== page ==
The terms left-wing and right-wing are widely used in the United States, but as on the global level there is no firm consensus about their meaning. The only aspect that is generally agreed upon is that they are the defining opposites of the United States political spectrum. Left and right in the U.S. are generally associated with liberal and conservative respectively, although the meanings of the two sets of terms do not entirely coincide. Depending on the political affiliation of the individual using them, these terms can be spoken with varying implications. A 2005 poll of 2,209 American adults showed that "respondents generally viewed the paired concepts liberals and left-wingers and conservatives and right-wingers as possessing, respectively, generally similar political beliefs", but also showed that around ten percent fewer respondents understood the terms left and right than understood the terms liberal and conservative.
The contemporary left in the United States is usually understood as a category that includes New Deal social-liberals (in contrast to traditions of social democracy more common to Western Europe), Rawlsian liberals and civil libertarians, who are often identified with the Democratic Party. There are also leftists who reject many of the platforms of the Democratic Party in favor of more socialist policies. In general, the term left-wing is understood to imply a commitment to egalitarianism, support for social policies that appeal to the working class and multiculturalism. The contemporary center-left usually defines itself as promoting government regulation of business, commerce and industry; protection of fundamental rights such as freedom of speech and freedom of religion (separation of church and state); and government intervention on behalf of racial, ethnic and sexual minorities and the working class.
Libertarian writer David Boaz argued that terms left and right are used to spin a particular point of view rather than as simple descriptors, with those on the "left" typically emphasizing their support for working people and accusing the right of supporting the interests of the upper class; and those on the "right" usually emphasizing their support for individualism and accusing the Left of supporting collectivism. Boaz asserts that arguments about the way the words should be used often displaces arguments about policy by raising emotional prejudice against a preconceived notion of what the terms mean.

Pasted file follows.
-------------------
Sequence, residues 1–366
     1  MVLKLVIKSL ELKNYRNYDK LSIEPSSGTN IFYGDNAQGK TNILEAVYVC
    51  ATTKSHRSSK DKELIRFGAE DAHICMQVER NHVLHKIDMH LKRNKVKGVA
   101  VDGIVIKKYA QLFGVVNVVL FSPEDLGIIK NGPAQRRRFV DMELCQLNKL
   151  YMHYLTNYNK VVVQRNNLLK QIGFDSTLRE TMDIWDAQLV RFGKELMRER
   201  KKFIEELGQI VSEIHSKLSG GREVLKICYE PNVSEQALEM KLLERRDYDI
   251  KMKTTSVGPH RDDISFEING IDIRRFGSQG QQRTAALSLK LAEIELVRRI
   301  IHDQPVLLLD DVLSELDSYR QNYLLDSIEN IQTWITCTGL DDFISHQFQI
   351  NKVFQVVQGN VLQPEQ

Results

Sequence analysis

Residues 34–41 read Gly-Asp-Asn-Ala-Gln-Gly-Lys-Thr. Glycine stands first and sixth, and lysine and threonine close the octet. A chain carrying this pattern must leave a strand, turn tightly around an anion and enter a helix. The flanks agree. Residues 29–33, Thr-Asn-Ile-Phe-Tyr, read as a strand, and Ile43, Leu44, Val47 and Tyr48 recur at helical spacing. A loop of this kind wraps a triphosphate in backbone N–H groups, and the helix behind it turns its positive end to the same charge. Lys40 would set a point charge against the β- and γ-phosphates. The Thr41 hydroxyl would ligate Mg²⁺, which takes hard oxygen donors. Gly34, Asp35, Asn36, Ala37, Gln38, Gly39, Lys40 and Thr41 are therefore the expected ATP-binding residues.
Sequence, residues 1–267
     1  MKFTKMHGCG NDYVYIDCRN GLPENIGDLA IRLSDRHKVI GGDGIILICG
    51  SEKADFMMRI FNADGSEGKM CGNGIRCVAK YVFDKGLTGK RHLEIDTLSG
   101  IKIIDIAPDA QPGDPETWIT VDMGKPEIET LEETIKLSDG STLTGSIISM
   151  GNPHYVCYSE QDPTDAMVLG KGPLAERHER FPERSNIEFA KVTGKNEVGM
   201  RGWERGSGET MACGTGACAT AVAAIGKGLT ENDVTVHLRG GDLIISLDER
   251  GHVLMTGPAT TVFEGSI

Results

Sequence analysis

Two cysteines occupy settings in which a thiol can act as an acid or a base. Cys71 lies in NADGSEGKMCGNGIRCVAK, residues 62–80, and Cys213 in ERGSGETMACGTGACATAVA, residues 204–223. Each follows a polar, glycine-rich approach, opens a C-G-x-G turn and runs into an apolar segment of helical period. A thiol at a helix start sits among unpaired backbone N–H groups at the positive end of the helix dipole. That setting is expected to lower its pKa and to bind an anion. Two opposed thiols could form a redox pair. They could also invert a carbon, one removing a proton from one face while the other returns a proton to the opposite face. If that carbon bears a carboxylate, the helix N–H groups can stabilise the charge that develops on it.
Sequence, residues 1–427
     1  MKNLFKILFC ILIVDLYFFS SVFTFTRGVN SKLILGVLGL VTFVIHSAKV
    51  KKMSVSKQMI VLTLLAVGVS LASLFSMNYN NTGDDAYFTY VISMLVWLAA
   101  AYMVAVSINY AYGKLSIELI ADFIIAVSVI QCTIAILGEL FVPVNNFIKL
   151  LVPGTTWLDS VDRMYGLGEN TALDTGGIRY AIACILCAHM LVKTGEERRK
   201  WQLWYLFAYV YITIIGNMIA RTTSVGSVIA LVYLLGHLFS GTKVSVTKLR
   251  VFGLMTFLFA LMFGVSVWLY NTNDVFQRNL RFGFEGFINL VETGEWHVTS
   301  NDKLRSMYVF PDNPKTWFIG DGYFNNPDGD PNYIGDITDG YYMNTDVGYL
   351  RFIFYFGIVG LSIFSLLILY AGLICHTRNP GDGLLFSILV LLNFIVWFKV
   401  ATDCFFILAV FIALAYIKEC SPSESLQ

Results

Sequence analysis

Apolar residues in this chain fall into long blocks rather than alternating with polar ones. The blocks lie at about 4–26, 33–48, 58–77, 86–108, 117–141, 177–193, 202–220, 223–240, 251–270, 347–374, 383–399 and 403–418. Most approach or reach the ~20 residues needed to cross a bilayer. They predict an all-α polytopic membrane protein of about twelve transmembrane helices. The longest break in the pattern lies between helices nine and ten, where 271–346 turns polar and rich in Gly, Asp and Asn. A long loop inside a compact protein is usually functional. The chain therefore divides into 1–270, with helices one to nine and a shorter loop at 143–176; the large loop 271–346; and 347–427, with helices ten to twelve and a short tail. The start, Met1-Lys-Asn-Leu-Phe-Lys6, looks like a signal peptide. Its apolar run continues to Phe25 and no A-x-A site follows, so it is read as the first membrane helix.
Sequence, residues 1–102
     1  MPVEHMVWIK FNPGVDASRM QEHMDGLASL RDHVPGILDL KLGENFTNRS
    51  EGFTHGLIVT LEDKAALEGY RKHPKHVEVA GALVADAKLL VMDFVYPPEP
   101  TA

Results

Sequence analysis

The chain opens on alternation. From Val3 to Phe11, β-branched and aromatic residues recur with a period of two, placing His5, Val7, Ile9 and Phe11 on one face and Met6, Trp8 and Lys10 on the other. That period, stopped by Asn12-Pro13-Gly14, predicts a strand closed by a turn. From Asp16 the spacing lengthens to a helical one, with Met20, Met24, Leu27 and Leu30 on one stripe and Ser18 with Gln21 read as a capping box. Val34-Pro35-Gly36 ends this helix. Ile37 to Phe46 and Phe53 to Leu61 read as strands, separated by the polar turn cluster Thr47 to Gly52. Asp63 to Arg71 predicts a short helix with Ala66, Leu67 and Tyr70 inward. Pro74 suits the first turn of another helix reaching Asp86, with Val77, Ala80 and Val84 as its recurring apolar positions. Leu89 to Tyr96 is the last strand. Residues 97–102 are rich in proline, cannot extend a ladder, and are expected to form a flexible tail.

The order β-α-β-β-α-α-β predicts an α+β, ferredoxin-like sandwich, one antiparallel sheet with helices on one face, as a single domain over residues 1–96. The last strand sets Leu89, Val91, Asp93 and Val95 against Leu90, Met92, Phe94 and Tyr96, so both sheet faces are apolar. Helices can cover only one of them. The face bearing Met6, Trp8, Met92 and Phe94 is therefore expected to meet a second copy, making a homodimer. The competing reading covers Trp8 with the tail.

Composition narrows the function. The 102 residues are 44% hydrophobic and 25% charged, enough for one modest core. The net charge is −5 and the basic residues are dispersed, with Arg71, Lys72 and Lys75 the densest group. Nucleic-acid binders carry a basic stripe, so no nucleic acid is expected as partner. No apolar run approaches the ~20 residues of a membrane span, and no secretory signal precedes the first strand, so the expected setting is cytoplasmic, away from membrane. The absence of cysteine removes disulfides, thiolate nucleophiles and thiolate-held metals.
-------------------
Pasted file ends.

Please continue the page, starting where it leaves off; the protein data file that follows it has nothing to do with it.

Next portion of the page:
In 2006, British Prime Minister Tony Blair described the main cleavage in politics as not left versus right, but open versus closed. In this model, attitudes towards social issues and globalism are more important than the conventional economic left–right issues: "open" voters tend to be socially liberal, multicultural and in favour of globalism, while "closed" voters are culturally conservative, opposed to immigration and in favour of protectionism. This model has seen increased support following the rise of populist and centrist parties in the 2010s.
Norberto Bobbio saw the polarization of the Italian Chamber of Deputies in the 1990s as evidence that the linear left–right axis remained valid. Bobbio thought that the argument that the spectrum had disappeared occurred when either the Left or Right were weak. The dominant side would claim that its ideology was the only possible one, while the weaker side would minimize its differences. He saw the Left and Right not in absolute terms, but as relative concepts that would vary over time. In his view, the left–right axis could be applied to any time period.
On the other hand, a survey conducted between 1983 and 1994 by Bob Altemeyer of Canadian legislative caucuses showed an 82% correlation between party affiliation and score on a scale for right-wing authoritarianism when comparing right-wing and social democratic caucuses. There was a wide gap between the scores of the two groups, which was filled by liberal caucuses. His survey of American legislative caucuses showed scores by American Republicans and Democrats were similar to the Canadian Right and liberals, with a 44% correlation between party affiliation and score.
Libertarianism and conservatism are frequently classified together as right-wing political philosophies, which is understandable given the content and history of these views.